Scientists Design 24-Hour Lighting Scheme for the Elderly
Working with the American Institute of Architects, the LRC proposed a 24-hour lighting scheme for older adults that can positively impact the aging visual, circadian, and perceptual systems. The proposed lighting scheme was designed to provide:
- high circadian stimulation (CS) during the day and low stimulation at night
- good visual conditions during waking hours, and
- night lights that provide perceptual cues to increase postural control and stability.
High CS by light can be achieved by providing at least 400 lx at the cornea of a circadian-effective white light source (i.e., more short-wavelength energy) during the daytime. Light levels recommended in the study were high enough and long enough to assure an effect on the circadian system of older adults, based on a model of human circadian phototransduction by Rea and colleagues (2005). The recommended dose also considers the normal changes to the aging eye and was based on estimated melatonin suppression as a function of CS after one hour exposure. No more than 100 lx at the cornea of a less circadian-effective white light source (i.e., less short wavelength energy), such as a 2700 K lamp, is recommended for evening hours.
To test the effectiveness of this proposed lighting scheme on sleep efficiency of older adults, new lighting was installed in eight private rooms in an assisted living facility. Residents' sleep quality and circadian rest-activity patterns were measured before and after the new lighting was installed.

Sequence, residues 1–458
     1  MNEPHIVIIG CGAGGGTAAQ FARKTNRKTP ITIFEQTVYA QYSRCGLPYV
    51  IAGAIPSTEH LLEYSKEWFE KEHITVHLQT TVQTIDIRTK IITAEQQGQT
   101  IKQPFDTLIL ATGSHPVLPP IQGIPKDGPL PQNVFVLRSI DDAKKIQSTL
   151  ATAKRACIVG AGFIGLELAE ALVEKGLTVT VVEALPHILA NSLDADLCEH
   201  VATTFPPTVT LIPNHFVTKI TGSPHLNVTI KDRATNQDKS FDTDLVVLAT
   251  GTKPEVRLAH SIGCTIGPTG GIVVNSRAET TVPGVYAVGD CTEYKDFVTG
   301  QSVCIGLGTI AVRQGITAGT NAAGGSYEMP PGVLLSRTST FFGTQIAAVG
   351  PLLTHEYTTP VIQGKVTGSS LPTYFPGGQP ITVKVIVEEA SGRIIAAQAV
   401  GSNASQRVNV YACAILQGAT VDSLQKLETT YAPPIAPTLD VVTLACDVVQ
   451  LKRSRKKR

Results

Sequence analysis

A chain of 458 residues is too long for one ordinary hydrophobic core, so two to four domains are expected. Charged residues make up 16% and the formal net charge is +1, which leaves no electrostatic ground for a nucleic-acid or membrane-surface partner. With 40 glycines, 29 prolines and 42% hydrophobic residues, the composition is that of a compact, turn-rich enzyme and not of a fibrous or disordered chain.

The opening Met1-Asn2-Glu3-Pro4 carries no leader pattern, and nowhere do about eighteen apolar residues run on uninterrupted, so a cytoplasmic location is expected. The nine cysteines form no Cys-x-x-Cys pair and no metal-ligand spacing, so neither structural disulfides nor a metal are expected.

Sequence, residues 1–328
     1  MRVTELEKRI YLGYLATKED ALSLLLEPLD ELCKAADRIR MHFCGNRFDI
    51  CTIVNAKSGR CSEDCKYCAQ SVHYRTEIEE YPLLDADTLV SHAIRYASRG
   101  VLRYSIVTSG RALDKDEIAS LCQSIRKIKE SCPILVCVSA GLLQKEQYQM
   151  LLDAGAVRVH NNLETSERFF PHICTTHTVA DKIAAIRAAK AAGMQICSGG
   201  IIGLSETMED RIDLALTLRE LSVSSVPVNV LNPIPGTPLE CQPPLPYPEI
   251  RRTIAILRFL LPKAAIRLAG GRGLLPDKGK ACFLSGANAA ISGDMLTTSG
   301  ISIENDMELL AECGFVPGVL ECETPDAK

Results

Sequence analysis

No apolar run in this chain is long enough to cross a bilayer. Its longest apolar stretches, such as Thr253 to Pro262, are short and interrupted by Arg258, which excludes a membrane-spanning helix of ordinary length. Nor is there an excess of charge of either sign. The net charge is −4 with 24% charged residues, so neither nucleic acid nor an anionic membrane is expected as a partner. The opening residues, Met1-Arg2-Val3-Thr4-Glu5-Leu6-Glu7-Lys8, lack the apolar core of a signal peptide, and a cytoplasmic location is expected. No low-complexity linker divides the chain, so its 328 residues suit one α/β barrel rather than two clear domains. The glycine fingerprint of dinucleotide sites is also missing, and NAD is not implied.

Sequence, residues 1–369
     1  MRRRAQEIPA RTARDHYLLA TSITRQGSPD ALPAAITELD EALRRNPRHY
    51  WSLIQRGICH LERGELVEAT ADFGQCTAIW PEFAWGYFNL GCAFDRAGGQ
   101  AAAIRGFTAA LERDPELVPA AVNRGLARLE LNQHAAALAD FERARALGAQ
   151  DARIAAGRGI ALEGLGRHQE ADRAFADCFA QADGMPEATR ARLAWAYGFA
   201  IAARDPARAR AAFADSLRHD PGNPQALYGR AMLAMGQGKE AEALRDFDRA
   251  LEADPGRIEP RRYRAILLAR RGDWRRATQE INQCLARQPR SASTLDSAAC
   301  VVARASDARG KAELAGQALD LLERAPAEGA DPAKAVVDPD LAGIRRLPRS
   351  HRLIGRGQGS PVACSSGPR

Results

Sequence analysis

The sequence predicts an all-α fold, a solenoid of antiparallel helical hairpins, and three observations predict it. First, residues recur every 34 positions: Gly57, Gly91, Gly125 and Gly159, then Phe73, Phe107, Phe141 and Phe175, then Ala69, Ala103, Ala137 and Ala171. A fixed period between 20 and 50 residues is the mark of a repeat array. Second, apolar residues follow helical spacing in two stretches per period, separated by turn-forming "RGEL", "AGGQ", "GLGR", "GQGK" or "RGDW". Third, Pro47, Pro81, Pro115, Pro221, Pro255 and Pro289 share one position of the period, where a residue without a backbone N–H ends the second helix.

Consistent with previous research results, the four subjects who completed the study showed an improvement in sleep quality and rest/activity rhythms under the new 24-hour lighting scheme. In addition, all eight study participants reported a strong preference for the 24-hour lighting. The new lighting scheme appears to have important practical implications for improving the quality of life for seniors and will hopefully be adopted by architects, lighting specifiers, and engineers.
Figueiro MG. 2008. A Proposed 24 h Lighting Scheme for Older Adults. Lighting Research & Technology 40(2): 153-160.
Figueiro MG et al. 2008. Developing Architectural Designs to Improve Sleep in Older Adults. The Open Sleep Journal. Vol. 1, Iss. 1974-6209. pp. 40-51.
American Institute of Architects
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